The book is obviously still out on what kind of owner Vivek Ranadive will be for the Kings, but we do know this: The man is willing to write some nice sized checks.
He got Pete D’Alessandro away from Denver as a general manager because he was willing to write a bigger check than the Kroenke family. Now it looks like he could be giving his new GM some consulting help.
The Kings have offered Hall of Fame player and former league GM Chris Mullin a consulting job, reports the Sacramento Bee.
The Kings have offered Naismith Memorial Hall of Fame player and former Golden State Warriors executive Chris Mullin a role as a consultant, The Bee learned Sunday.
Sources said Mullin likely will accept. They spoke on the condition of anonymity because of the private nature of the offer.
This is another Golden State connection for Radadive (who was a minority Warriors owner but had to sell that share to buy the Kings) — Mullin was the lead executive with Golden State under their old ownership for five years. He was eventually pushed out in a power struggle with Don Nelson.
The Kings have already hired Mike Malone as coach, the former Warriors assistant.
The Kings have some nice pieces but a lot of questions this summer, such as what to do with Tyreke Evans? And how can they get the most out of the talented but up and down DeMarcus Cousins? D’Alessandro was reportedly very confident in his plans during his interview, that is why he has the job. Now he may have a quality consultant to bounce things off of as well.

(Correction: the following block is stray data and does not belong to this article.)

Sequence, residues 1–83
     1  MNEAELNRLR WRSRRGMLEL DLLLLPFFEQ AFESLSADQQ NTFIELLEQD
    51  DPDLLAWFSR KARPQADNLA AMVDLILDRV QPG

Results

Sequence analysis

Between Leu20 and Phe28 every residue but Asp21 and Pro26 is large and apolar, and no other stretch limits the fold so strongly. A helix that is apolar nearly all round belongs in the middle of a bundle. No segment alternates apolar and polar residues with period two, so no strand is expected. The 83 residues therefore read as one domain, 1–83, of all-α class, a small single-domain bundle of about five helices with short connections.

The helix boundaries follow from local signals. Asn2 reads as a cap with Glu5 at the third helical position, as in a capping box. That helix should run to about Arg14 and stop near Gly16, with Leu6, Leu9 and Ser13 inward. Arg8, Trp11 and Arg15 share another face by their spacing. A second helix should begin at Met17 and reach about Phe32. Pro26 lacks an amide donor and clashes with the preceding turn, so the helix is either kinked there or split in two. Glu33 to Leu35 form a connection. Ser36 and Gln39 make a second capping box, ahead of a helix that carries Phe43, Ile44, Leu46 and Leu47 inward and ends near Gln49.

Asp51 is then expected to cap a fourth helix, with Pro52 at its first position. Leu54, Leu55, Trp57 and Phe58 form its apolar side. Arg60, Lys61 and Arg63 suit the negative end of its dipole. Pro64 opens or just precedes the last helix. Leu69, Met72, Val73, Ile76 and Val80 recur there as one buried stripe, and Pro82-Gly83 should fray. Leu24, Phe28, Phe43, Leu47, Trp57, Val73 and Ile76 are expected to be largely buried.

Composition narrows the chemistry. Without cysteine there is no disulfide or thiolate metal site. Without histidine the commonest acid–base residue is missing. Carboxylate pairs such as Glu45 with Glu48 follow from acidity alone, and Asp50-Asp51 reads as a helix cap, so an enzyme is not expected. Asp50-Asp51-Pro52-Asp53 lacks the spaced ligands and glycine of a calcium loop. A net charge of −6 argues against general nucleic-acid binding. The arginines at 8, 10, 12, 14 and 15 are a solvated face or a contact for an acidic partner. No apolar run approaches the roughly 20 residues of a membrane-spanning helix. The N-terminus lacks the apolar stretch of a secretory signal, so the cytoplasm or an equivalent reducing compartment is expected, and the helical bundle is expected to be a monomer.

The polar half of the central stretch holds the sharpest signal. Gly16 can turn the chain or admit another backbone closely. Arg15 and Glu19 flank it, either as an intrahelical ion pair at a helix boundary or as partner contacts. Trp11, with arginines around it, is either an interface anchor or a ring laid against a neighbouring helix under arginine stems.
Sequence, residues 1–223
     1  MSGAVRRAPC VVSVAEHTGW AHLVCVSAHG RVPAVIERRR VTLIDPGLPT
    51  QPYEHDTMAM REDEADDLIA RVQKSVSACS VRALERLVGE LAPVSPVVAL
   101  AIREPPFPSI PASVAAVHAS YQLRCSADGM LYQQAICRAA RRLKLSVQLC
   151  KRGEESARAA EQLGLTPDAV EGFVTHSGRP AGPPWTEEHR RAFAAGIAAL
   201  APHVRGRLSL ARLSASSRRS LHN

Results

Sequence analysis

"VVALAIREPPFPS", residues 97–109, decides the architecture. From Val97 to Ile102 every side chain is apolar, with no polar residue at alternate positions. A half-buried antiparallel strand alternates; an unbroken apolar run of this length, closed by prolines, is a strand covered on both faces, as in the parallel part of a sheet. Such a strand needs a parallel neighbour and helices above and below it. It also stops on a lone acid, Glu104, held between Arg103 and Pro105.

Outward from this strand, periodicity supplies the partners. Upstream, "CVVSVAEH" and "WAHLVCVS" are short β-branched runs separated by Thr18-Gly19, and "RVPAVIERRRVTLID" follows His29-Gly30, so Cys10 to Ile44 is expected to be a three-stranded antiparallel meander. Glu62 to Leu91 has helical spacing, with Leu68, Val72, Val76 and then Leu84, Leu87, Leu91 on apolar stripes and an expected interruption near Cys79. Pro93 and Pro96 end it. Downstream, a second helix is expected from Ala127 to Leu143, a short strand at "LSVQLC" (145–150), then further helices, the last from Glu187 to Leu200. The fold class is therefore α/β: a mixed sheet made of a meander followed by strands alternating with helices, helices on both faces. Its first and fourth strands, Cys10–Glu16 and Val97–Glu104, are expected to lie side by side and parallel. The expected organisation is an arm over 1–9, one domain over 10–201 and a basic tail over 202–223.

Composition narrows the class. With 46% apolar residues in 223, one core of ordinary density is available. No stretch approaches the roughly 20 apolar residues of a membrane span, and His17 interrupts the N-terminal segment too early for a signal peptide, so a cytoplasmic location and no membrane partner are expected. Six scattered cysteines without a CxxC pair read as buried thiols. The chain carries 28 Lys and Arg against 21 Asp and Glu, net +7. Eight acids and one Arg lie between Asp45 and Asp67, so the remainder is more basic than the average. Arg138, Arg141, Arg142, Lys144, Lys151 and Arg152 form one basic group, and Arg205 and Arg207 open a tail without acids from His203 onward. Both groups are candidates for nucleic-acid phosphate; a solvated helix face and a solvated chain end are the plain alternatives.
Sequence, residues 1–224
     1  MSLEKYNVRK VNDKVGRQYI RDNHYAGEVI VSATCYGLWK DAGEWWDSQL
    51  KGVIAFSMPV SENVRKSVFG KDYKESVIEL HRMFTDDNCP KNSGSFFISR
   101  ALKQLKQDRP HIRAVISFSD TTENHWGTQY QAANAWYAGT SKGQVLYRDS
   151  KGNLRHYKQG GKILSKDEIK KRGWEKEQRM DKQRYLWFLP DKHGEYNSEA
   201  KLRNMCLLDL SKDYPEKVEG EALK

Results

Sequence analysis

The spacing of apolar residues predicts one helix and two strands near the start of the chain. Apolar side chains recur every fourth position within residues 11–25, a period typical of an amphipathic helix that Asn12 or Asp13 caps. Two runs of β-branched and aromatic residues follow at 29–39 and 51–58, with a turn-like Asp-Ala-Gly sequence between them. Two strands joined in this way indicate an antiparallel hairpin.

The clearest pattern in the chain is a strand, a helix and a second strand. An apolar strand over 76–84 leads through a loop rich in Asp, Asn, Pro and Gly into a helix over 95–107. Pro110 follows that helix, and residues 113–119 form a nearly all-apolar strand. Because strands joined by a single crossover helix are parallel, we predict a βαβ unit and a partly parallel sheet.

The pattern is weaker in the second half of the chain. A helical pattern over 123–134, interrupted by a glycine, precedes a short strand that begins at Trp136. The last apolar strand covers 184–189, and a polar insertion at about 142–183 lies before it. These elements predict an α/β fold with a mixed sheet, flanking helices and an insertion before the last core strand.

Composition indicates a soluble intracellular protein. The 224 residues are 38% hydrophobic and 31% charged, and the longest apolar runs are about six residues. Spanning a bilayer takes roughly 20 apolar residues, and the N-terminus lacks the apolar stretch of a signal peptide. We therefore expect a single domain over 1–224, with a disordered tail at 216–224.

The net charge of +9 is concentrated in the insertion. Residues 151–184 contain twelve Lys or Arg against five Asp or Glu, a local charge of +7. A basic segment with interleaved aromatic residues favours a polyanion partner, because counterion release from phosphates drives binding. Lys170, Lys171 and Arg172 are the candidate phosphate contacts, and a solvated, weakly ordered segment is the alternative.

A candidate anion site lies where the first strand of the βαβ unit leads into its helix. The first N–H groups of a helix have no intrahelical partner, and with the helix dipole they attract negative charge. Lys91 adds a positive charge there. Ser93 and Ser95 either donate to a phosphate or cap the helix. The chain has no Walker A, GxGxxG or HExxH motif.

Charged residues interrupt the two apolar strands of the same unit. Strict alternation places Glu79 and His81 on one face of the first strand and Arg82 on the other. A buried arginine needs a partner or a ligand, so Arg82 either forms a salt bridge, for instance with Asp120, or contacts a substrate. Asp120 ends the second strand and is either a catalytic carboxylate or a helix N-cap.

Sometimes – as Kristaps Porzingis sees against Dwight Howard – it’s more flattering just to play James Harden-level defense.
This was not Marc Gasol‘s first attempt to head in the ball after a whistle, but this time, he converted.
Here was his January try:
As Rockets general manager Daryl Morey once noted, cherry-picking James Harden‘s worst defensive plays to create a video is unfair. Many players would look awful by that measure.
But Harden provides serious ammo for these worst-of videos.
This non-attempt to stop Lance Thomas is just brutal.
At least Houston buckled down to beat the Knicks, 116-111 in overtime. The Rockets have climbed to 26th in points allowed per possession.
So, Kobe Bryant‘s NBA career is officially going to come to an end after the 2015-16 season. That part he announced on Sunday.
What’s still up in the air is Bryant’s participation in one last Olympics. Bryant has been in consideration to make Team USA this summer at the games in Rio de Janeiro, and USA Basketball chairman Jerry Colangelo tells ESPN.com’s Marc Stein that he hasn’t ruled that out yet:
Kobe was asked about this at his post-game press conference Sunday and said it was not a goal, but if it was offered he’d consider it.
“I’d be honored if that was there, it would be fantastic to be around that group and spend kind of the last journey with them,” Bryant said. “That being said, it’s not something that I’m obsessing over.”
‘When Bryant made it known that he wanted to play in Rio, he made it clear to Colangelo and Team USA coach Mike Krzyzewski that he wanted to earn a spot, not be given one as a lifetime achievement award. Watching him so far this season, it’s almost impossible to imagine him making the roster on merit.
But nobody should begrudge him if he wanted to extend the farewell tour just a little bit longer.